Scripps Research Institute On Addiction
Addiction is a disease of the brain, largely controlled by its memory components, the hippocampus and the amygdala. When a person uses an addictive substance, the hippocampus creates a memory of the sensation. And the amygdala creates a conditioned response, otherwise known as a craving.
Addiction and the brain’s memory center
Memories are incredibly strong features of our brains; they are how we learn things. But with addiction, memories – in their scientific sense – are often the key contributors to relapse. When an addict encounters an environmental cue, like a hypodermic needle or a bottle of alcohol. The conditioned response (a.k.a. craving) becomes intense, and can lead to relapse, regardless of how long the addict may have been sober.
A new study looks to “forget” addiction
As the Washington Post reports, The Scripps Research Institute is conducting research to see if there is a way to combat these kinds of memories. Courtney Miller, Associate Professor in the Department of Neuroscience, is part of a team who studies memories in relation to drug addiction. In 2013, she and her team found that memories created as a result of drug abuse are physically different than other memories.
“When the [meth] memory is sort of sitting there in the brain, it’s behaving differently than other memories,” she explained to the Washington Post.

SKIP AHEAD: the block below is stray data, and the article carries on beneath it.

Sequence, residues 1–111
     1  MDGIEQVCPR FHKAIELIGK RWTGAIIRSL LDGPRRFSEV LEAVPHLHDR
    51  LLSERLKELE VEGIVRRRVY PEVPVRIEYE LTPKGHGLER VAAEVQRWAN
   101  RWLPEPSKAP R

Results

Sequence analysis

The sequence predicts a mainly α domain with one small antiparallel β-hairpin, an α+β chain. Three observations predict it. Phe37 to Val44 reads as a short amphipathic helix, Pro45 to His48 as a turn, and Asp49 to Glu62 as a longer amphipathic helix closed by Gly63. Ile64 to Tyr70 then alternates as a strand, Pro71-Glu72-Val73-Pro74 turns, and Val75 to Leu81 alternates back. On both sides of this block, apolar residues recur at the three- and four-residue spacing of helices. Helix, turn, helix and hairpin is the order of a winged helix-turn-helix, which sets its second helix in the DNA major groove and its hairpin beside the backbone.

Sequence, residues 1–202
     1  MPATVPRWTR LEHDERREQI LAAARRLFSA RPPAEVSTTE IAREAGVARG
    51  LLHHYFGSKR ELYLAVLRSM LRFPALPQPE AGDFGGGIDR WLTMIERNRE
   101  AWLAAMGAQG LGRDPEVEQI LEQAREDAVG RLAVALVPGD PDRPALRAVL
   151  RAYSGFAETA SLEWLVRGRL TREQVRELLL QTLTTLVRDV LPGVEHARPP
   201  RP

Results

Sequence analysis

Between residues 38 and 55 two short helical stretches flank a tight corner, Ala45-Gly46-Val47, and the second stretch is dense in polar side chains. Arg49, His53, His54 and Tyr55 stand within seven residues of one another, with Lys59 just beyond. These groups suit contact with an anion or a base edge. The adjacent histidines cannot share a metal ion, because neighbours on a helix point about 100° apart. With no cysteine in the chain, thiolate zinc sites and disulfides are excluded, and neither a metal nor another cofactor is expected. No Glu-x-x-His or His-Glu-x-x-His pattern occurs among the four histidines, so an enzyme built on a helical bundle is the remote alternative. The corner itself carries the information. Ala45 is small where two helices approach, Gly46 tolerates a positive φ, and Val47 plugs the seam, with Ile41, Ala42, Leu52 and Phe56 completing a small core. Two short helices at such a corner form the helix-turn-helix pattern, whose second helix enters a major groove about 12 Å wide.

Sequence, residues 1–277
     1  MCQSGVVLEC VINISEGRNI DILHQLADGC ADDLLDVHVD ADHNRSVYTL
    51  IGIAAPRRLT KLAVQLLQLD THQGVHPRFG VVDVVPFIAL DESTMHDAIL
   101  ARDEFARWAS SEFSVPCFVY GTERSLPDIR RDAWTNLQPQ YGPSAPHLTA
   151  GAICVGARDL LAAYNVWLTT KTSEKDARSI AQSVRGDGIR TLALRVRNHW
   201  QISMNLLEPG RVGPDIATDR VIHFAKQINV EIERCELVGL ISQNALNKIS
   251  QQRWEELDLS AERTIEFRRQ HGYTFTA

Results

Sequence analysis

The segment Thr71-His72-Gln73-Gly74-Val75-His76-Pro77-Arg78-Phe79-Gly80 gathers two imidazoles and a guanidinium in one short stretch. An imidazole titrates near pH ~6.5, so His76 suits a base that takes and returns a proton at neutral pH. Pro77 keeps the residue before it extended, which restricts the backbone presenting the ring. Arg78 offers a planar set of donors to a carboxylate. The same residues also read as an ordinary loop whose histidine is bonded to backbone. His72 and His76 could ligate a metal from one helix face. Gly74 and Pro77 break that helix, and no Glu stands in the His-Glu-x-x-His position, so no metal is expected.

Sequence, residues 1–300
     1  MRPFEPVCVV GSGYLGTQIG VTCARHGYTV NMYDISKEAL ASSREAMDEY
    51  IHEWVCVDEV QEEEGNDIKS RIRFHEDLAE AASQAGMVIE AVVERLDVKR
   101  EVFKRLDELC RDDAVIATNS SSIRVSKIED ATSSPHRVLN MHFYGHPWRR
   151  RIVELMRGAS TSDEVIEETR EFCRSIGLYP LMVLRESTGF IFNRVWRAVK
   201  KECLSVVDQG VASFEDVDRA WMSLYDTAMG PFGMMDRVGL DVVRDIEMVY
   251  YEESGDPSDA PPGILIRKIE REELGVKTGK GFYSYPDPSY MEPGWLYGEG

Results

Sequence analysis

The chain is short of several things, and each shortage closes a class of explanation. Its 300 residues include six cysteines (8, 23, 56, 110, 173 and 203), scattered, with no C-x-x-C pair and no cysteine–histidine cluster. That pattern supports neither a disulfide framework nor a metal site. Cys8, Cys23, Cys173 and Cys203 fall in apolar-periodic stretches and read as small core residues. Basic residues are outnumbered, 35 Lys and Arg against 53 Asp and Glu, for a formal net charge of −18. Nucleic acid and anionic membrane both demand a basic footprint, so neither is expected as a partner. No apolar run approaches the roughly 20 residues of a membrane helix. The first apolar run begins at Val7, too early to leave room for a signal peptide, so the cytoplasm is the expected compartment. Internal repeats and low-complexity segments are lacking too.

After learning about these differences (and some very technical properties that come along with them), Miller and her research team discovered they could interfere with the drug-associated memories. To explain in it short and simple terms: They found a way to inhibit a particular molecule, known as myosin. This inhibition effectively disables the drug-associated memory.
The Scripps Research Institute scientists
Discovered that when they gave meth-addicted mice a myosin-inhibiting compound, it resulted in “meth-specific” memory loss. More importantly, it didn’t affect other memories. And so far, as Miller explained, the treatment is long-lasting.
“What is particularly exciting is that myosin only has to be inhibited once,” Miller said. “The effect lasted as long as we tested the animals. I hesitate to use the word ‘erased,’ but the memory seems to be gone.”
Ms. Miller was careful to point out that if this ever did become a viable treatment option. This would not serve to replace abstinence therapies and rehab. But rather may have the potential to be part of an integrated treatment approach.
“The idea is that someone would go into a rehab program with the typical abstinence therapies and while they are in the treatment program they would receive this medication one time and it should remove all of the [neurological] associations with the drug,” she explained.
Whether or not the research makes it that far remains to be seen. The medication has not yet been tested on people. A milestone the scientists hope to hurdle in the next five years.
In conclusion, understanding the neurological components of addiction doesn’t make it any easier to deal with. If you’re struggling with your addiction or need help for a loved one who is, contact The Watershed today: 1-800-861-1768.Tags: addiction research, scripps